Last week, Indian media reports broke the news that Indian Prime Minister Narendra Modi would travel to Washington for a bilateral summit with President Barack Obama, marking his fourth trip to the United States in two years. As the two governments prepare for this visit as well as for major bilateral dialogues on economic and commercial issues, the National Association of Manufacturers (NAM) today issued targeted commercial priorities for the U.S. government to engage with India in 2016 – priorities that require concrete actions by which manufacturers in the United States will gauge the success of this engagement. Read More
A new report released today by the Office of the U.S. Trade Representative stressed the importance of intellectual property (IP) around the world, and the danger of global IP infringement for American jobs, innovation, and competitiveness. Intellectual property protection is a top manufacturing issue: innovation drives U.S. global leadership in manufacturing, and promote good-paying jobs and economic growth in a sector that is innovating more than ever before. This year’s Special 301 report highlights specific challenges faced by manufacturers in the United States in NAM priority markets such as Colombia, India, and China. The report also analyzes global challenges such as weak trade secret protection, counterfeiting and piracy, and inadequate protection of patents in detail. Read More
India just entered its “budget season” with a flurry of reports on its economy and fiscal priorities for the coming year. While these rosy reports contain positive rhetoric about India’s economic and commercial environment, global manufacturers are looking for action: concrete steps, not just rhetoric, to address challenges that limit their access in India. Read More
Global infringement of intellectual property rights (IPRs) imperils the innovation and competitiveness of manufacturers in the United States, costing jobs and economic growth here at home. The NAM urges the U.S. government to take immediate, concrete steps to address IPR and enforcement challenges to manufacturing in global markets as identified by the NAM and others in recent submissions and testimony to the Office of the U.S. Trade Representative (USTR) for its annual Special 301 report. Read More
United States Trade Representative Michael Froman announced today that a World Trade Organization (WTO) dispute settlement panel had found that localization rules under India’s national solar energy policy violated WTO international trade rules in discriminating against imported solar cells and modules. This marks an important victory for U.S. manufacturers in pushing back against Indian efforts to promote local manufacturing at the expense of market access and opportunity for U.S. manufacturers. Read More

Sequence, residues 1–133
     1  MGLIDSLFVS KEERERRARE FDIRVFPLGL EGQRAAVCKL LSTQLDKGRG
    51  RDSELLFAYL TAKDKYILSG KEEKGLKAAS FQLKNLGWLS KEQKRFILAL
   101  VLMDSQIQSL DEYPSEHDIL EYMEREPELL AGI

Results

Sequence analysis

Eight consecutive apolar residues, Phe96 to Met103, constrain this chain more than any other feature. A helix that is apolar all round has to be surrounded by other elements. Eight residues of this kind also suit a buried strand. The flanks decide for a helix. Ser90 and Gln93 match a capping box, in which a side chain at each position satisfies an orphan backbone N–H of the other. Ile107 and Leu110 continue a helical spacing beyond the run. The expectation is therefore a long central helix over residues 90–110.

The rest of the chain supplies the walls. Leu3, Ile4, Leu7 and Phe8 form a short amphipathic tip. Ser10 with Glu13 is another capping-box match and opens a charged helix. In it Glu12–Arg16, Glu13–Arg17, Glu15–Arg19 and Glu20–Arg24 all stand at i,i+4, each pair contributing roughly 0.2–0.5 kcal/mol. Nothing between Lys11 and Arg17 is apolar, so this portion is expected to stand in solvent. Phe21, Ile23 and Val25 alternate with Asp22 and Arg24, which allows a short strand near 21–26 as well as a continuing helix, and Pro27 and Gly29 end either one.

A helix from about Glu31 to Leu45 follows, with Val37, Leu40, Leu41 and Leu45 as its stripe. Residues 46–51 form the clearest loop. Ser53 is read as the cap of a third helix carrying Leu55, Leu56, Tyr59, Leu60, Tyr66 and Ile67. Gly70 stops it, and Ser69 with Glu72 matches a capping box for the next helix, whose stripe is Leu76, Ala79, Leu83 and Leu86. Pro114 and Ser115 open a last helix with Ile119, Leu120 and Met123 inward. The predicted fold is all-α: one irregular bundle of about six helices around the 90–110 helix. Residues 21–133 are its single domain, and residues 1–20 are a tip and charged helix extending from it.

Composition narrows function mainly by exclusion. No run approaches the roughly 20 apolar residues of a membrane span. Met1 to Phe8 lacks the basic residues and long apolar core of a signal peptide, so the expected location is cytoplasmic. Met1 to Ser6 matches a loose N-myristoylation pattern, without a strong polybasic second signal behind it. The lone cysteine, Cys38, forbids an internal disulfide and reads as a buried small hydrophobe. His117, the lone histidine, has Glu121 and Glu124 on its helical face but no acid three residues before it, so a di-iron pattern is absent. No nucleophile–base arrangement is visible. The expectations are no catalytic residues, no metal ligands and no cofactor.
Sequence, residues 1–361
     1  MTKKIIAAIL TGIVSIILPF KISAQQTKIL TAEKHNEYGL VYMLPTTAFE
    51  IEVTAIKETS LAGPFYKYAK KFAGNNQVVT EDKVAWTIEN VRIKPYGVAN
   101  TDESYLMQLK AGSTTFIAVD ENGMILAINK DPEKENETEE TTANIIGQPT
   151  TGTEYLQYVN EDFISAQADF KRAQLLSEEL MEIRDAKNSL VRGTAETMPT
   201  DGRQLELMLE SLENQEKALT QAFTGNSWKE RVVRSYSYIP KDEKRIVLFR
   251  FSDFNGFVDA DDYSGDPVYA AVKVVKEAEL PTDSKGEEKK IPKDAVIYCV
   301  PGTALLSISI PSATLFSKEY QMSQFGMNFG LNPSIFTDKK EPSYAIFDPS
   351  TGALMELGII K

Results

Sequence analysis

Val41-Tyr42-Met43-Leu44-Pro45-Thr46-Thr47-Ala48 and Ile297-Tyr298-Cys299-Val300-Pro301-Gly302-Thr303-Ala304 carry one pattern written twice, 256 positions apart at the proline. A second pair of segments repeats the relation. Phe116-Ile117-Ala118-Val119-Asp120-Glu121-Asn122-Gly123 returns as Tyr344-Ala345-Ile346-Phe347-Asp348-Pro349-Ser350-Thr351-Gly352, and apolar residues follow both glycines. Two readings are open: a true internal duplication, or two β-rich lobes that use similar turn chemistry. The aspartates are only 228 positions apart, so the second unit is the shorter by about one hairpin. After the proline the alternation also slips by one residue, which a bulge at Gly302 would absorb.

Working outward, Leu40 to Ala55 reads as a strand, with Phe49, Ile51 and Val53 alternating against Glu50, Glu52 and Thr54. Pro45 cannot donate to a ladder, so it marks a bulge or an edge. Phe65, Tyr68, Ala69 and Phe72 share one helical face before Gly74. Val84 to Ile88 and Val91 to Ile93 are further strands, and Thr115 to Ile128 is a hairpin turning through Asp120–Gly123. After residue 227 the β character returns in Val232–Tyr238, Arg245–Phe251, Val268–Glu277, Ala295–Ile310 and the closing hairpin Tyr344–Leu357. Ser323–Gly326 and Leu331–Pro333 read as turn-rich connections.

Members of Congress, policy experts, economists, and industry leaders gathered at the Newseum in downtown Washington, D.C., yesterday morning for a policy breakfast briefing event to examine an important question: “Is India Open For Business?” after the first year of the Modi government. Read More
Today, the Office of the United States Trade Representative released its annual Special 301 report which analyzes the state of intellectual property rights (IPR) among U.S. trading partners and also marks the first full review of India’s IPR regime since Prime Minister Modi took office. As in past reports, USTR once again placed India on the Priority Watch List due to ongoing concerns with the country’s lack of protections for innovators.
The report confirms that, despite ongoing dialogues and increasingly strong statements from Prime Minister Modi regarding his commitment to increasing protections for innovators in India, there has been no actual concrete action to improve IP protections. USTR expects ongoing dialogues to “bring about substantive and measurable improvements in India’s IPR regime for the benefit of a broad range of innovative and creative industries” and will “take further action, if necessary.”
As the NAM explained in its Special 301 comments filed in advance of the report, there are many areas where there has been dialogue, but no real improvement to India’s IPR policies including patent and data protection, compulsory licensing, and copyright piracy. This lack of progress and backward action in a number of areas from IPR to localization policies was also detailed just last week in the NAM’s pre pre-hearing statement filed with the U.S. International Trade Commission, which is conducting a second investigation into India’s trade and investment practices and their input on U.S. industries. These policy failures have a significant impact on businesses’ ability to innovate, create jobs, and grow the economy.